Next month's referendum on Scottish independence is turning long-established links between educational attainment and feelings towards Scottish independence on their head, according to the authors of this year's Scottish Social Attitudes survey.
Overall support for greater Scottish autonomy is now stronger among the well-educated than the rest of the population, according to the University of Edinburgh's Lindsay Paterson, professor of education policy, and Dr Jan Eichhorn, chancellor's fellow in social policy.
Their report, Who is still wavering? Turnout and the undecided, states: "This has never happened before; previously Scottish self-government has always been most strongly supported by people who have not had much education."
The survey, published this week, comes only days after the formal launch of Teachers for Yes by members of the profession. The group's supporters believe that an independent Scotland is the best way to safeguard the country's education system from Westminster cuts.
Although Teachers for Yes has had a social media presence for a number of weeks, it was formally launched only last Sunday via a YouTube video published on Monday.
According to the Yes Scotland campaign, the Teachers for Yes group had more than 500 members at the time of its launch and has published an "education guarantee" that proposes to enshrine education and employment rights into a written Scottish constitution, as well as calling for more investment in schools.
Teachers for Yes member Matthew Wilson, an English teacher from Leith, said that Westminster's cutbacks were having a direct impact on Scotland's classrooms.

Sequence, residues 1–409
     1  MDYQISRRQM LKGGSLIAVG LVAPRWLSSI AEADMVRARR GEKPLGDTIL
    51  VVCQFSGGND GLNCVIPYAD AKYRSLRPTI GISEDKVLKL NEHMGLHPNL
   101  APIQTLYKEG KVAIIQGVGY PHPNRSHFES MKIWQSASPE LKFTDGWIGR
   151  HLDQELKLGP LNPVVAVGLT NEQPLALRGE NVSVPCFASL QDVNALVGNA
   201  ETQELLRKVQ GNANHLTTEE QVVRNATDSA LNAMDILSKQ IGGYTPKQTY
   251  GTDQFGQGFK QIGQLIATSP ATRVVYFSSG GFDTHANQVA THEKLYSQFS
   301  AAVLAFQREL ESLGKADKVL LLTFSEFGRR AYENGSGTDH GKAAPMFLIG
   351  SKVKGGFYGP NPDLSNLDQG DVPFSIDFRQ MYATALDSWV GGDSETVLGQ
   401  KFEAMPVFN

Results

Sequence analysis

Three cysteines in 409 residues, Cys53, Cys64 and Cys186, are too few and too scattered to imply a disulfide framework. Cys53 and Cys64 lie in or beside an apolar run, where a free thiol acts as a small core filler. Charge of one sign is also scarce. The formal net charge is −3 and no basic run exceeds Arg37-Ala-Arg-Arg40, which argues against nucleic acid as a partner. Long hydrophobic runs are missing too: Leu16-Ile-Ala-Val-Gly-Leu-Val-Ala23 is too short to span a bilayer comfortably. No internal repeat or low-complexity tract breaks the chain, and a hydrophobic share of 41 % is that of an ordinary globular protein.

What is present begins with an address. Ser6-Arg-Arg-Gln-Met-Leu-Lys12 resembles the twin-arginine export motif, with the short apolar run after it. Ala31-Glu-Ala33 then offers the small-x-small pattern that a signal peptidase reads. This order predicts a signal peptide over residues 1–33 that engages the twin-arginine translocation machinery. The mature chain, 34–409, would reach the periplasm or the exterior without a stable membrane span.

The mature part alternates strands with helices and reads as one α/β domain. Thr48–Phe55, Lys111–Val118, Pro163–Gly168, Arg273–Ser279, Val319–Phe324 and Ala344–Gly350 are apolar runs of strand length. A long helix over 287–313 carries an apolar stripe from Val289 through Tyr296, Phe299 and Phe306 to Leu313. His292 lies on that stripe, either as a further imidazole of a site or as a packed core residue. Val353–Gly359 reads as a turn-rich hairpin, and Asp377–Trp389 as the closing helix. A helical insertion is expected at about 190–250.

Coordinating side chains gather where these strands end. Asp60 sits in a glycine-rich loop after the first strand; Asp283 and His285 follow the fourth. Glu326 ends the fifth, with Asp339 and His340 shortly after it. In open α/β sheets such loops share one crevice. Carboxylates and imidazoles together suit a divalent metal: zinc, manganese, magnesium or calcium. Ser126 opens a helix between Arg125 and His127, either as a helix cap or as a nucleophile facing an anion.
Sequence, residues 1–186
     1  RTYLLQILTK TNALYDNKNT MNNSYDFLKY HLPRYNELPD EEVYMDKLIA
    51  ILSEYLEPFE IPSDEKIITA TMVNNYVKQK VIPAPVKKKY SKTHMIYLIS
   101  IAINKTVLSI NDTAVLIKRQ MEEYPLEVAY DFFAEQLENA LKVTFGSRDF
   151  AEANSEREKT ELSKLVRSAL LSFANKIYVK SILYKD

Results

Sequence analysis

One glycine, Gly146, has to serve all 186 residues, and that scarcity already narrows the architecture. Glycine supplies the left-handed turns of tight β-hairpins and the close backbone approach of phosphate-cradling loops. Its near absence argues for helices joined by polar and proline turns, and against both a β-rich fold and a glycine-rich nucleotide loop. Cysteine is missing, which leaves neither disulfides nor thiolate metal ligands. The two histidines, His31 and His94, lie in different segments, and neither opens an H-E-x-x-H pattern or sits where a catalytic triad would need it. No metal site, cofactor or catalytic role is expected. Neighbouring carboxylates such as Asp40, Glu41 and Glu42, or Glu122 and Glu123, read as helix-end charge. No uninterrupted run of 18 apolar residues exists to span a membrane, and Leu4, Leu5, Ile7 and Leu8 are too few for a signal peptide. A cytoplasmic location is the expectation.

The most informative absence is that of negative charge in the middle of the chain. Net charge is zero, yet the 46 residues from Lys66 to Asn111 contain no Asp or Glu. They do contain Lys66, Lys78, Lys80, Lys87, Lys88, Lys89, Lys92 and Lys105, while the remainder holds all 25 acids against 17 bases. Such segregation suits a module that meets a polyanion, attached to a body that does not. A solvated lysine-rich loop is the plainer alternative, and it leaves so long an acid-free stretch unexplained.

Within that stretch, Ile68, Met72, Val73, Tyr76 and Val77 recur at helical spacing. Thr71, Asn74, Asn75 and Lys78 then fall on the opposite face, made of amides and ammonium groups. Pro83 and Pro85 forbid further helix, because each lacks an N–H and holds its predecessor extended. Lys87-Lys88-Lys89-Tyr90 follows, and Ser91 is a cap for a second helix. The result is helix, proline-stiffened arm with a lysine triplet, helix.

"Devolution has been good for Scotland, yet it cannot shield our education system from the damaging effects of Westminster governance and its knock-on financial effects through continued austerity," he said.
"With Yes [Scotland], we can choose to increase funding to education - from building and refurbishing more schools, to ensuring we maintain free higher education."
Education has largely been at the fringes of the referendum debate, as it is already devolved and many believe that independence would have little impact on the sector. Scottish teaching unions have remained neutral on the issue.
But in examining the link between voters' level of education and their feelings towards an independent Scotland, the report by Professor Paterson and Dr Eichhorn has brought it back into the discussion.
The survey, which was carried out in June, shows that the percentage of people intending to vote yes is almost the same regardless of their level of education. These findings contrast with a year ago, when significant differences between those with higher levels of educational attainment and those with secondary or no qualifications were recorded.
"This weakening of the relationship between education and constitutional preference is unprecedented," Professor Lindsay and Dr Eichhorn write.
Including undecided respondents who state they may be inclined to vote yes, the proportion of those with higher education saying they will vote for independence is about 90 per cent. Only 75 per cent of those with no qualifications say the same.
Professor Paterson told TESS that people were now more politically engaged than he had seen with any other political campaign, with debates taking place in schools and the interest of young first-time voters being one example of this. He said he hoped a "positive legacy" would be left beyond the outcome of the vote.
A Better Together campaign spokesman said: "People from across Scotland and from all different backgrounds are saying no thanks to separation." He added that the key issue for voters was the economy. "That is why it is absolutely vital that the First Minister outlines his Plan B on currency. Currency is about more than the notes and coins in our pocket," he said.
A spokesman for Yes Scotland said it was encouraging to see support for an independent Scotland reach its highest level since 2005.